Continue to may attention to what’s happening online, no matter your career. Chances are, it does affect you, and your action may make all the difference. For your pages and posts, make them engaging and interesting. You never know the full power of how your content may take off.

(Research from wikipedia.org and motherjones.org.)

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reunion time: in person or online?

It is the end of the 2011 and high school reunions are in the air. The Rutland High School class of 2001 has made its way home this week to celebrate their ten year reunion. But in an age where social media is readily available and anyone can easily connect and essentially “stalk” almost every member of their class, what is the importance of these personal encounters?

As you may know, I have a Master’s degree in Media Studies, focusing on Online Marketing and Social Media. I am very much an advocate for the importance and usefulness of these mediums, and see them emerging and developing even more over the next decade. People who know me personally, know that I am a very social being. I love personal contact and could certainly end up on the phone with you for hours at a time, talking about everything and nothing at all once. My ten year high school reunion will come at some point in 2012, and I honestly can not wait. Yes, I have been keeping tabs on people I graduated high school with through various social medias, but nothing can replace those one on one conversations.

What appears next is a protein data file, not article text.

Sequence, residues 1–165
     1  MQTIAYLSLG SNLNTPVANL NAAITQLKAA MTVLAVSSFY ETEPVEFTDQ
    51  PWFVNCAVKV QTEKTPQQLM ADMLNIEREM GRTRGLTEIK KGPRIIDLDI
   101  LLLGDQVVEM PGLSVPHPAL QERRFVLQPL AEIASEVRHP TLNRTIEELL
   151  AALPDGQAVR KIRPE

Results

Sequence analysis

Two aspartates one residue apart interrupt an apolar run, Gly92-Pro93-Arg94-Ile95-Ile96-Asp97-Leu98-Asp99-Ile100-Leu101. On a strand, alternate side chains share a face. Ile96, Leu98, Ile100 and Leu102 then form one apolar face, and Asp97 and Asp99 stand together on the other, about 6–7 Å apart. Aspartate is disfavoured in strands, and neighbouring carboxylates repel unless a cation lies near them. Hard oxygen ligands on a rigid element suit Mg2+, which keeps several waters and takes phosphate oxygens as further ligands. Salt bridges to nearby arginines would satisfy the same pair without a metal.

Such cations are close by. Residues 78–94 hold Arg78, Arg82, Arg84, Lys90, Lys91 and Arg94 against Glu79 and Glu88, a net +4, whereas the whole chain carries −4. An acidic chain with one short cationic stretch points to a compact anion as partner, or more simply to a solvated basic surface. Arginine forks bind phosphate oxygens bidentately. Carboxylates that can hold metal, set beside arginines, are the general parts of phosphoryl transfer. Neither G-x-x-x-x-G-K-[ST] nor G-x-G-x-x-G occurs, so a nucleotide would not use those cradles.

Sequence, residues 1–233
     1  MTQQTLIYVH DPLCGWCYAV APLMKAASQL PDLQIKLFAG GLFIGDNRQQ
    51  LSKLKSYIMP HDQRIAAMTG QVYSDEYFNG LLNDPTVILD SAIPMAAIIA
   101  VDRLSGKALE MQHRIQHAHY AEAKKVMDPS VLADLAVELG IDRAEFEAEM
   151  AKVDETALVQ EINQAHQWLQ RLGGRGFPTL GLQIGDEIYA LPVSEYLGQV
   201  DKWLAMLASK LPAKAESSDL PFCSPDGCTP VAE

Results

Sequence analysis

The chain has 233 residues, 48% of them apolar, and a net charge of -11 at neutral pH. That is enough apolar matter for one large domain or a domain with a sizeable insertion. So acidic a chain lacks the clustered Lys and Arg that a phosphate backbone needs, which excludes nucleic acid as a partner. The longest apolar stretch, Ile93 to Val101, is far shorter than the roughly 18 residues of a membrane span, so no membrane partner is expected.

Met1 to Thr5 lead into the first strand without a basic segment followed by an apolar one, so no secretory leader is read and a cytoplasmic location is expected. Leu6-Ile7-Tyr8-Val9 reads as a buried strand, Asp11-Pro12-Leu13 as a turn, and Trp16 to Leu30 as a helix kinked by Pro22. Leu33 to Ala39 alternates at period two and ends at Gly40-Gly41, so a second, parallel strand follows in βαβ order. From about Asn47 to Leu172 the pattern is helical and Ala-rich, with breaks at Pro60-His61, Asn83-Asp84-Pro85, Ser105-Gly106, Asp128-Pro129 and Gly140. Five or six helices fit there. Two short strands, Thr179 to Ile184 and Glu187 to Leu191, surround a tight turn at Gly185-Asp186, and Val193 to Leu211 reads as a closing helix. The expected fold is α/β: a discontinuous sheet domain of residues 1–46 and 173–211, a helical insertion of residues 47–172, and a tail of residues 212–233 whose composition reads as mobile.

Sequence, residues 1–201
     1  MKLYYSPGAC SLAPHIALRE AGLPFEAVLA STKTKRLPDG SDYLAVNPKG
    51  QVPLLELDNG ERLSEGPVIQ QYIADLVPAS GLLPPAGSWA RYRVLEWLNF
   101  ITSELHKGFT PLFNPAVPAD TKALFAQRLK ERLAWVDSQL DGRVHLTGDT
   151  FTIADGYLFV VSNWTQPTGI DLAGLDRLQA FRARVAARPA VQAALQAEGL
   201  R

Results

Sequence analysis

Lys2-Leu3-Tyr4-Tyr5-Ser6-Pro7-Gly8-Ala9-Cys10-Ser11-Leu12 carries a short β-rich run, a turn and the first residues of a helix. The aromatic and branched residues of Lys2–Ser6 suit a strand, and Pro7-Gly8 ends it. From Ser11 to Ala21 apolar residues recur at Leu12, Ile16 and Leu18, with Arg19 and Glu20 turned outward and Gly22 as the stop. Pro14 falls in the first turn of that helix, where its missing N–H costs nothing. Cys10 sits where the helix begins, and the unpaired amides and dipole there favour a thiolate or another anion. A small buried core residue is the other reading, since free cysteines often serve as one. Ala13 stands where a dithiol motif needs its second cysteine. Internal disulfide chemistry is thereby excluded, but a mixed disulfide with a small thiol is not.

We all know high school is tough, mostly because people are attempting to figure out who they are, what their styles are, how to be a good friend, a good member of society, how to be the best them they can be. There are people I interact with now whose paths never crossed mine in high school for one reason or another. I am interested in how different people have grown, what their lives are like, how maybe our lives have changed and morphed in ways that we now have a million things in common and will become good friends.

Tonight, for example, I was out on the town with friends of mine. Looking around at us interacting, you would think we had all grown up together and been friends for years. Honestly, I have only been a part of this “group” of friends for a little over a year. Only one member of the group was I friends with in high school, and our relationship has certainly only grown stronger in the passing years. The remainder of the group of friends all grew up in the Rutland area, but we were not friends in high school. These new friendships did not spring up through social media “meet-ups,” although we do all use social media to communicate with each other, to plan events, and a few of us use social media in our jobs, even. This is one side of the spectrum.